ex.Data.Add (foo(), foo())

Message.event Error "ouch"
|> Message.addExn ex
|> Message.addExn (exn "another exception")
|> Message.setSimpleName "somewhere.this.message.happened"
|> MessageWriter.levelDatetimeMessagePathNewLine.format

val it : string =
  "E 2018-01-26T09:30:37.7648557+00:00: ouch [somewhere.this.message.happened]
  others:
    _logary.errors =>
      -
        System.Exception {
          Message => "another exception"
          HResult => -2146233088}
      -
        System.Exception {
          Message => "exception with data in it"
          Data =>
            "data 1 in exn" => 1
            "data foo in exn" =>
              User {
                name => "whatever"
                id => 999
                created => 11/11/2017 12:00:00 AM}
            - key =>
                User {
                  name => "whatever"
                  id => 999
                  created => 11/11/2017 12:00:00 AM}
              value =>
                User {
                  name => "whatever"
                  id => 999
                  created => 11/11/2017 12:00:00 AM}
          HResult => -2146233088}
"

Tags

prefix with "_logary.tags"

which value is a set , tags are help with identity one type message when you do some pipeline processing.

>
- let pipeLine =
-    Events.events
-    |> Events.tag "queue"
-    |> Pipe.map (fun msg -> {msg with value = "https://github.com/alexandrnikitin/MPMCQueue.NET"})
-
-
-
- let logm =
-   Config.create "svc" "localhost"
-   |> Config.target (Targets.Console.create Targets.Console.empty "my console target")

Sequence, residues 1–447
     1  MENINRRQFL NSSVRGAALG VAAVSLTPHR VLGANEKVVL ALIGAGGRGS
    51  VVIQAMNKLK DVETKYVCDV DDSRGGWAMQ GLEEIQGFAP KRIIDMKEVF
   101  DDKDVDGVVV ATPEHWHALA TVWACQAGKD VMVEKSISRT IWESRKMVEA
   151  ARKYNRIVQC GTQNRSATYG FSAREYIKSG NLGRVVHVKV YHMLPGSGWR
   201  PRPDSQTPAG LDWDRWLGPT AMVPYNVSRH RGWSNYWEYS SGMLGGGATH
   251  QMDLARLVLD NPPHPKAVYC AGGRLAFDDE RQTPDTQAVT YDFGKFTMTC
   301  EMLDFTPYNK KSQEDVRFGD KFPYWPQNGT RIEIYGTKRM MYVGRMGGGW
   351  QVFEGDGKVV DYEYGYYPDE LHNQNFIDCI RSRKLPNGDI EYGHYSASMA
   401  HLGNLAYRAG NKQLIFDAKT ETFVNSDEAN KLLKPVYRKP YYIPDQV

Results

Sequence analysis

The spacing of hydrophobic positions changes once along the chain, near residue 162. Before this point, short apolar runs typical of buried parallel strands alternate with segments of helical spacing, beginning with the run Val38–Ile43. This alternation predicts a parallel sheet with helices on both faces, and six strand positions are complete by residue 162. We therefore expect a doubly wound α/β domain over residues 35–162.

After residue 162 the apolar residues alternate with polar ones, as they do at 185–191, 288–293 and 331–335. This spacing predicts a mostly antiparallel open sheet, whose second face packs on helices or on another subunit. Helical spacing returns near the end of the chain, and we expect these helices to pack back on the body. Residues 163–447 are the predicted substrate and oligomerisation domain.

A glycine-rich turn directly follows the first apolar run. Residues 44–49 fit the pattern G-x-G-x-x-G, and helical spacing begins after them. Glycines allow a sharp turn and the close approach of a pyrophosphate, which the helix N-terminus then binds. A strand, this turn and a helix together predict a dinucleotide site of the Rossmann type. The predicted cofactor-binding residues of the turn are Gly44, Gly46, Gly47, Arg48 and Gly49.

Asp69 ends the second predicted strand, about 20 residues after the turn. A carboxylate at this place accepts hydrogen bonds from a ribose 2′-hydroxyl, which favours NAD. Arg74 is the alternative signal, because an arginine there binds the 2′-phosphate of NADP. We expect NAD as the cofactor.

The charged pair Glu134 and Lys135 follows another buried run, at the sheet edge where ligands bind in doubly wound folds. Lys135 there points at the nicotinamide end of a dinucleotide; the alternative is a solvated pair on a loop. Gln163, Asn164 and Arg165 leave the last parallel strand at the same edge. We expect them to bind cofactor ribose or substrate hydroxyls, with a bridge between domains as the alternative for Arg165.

-   |> Config.processing pipeLine
-   |> Config.build
-   |> run
-
- let lg = logm.getLogger (PointName.parse "give.some.example.here")
-
- Message.event Info "MPMCQueue"
- |> Message.tag "queue"
- |> Message.tag "high-performance"
- |> Message.tag "lock-free"
- |> Message.tag "multiple-consumers"
- |> lg.logSimple
-
- ;;
I 2018-01-26T09:51:06.0523375+00:00: https://github.com/alexandrnikitin/MPMCQueue.NET [give.some.example.here]
  others:
    _logary.host => "localhost"
    _logary.service => "svc"
    _logary.tags => ["high-performance", "lock-free", "multiple-consumers", "queue"]

SinkTargetNames

prefix with "_logary.sink.targets"

They are generally are set by Events Processing, you can define which targets (sinks) your message will go. if not set, message will go to all targets and let the targets themself to decide whether or not to accept it.

let pipeLine =
   Events.events
   |> Events.tag "queue"
   |> Pipe.map (fun msg -> {msg with value = "https://github.com/alexandrnikitin/MPMCQueue.NET"})
   |> Events.sink ["nice console"]

let logm =
  Config.create "svc" "localhost"
  |> Config.target (Targets.Console.create Targets.Console.empty "my console target")
  |> Config.target (Targets.LiterateConsole.create Targets.LiterateConsole.empty "nice console")
  |> Config.processing pipeLine
  |> Config.build
  |> run

let lg = logm.getLogger (PointName.parse "give.some.example.here")

Message.event Info "MPMCQueue"
|> Message.tag "queue"
|> Message.tag "high-performance"
|> Message.tag "lock-free"
|> Message.tag "multiple-consumers"
|> lg.logSimple
SinkTargetNames

this will only show on LiterateConsole, not normal Console.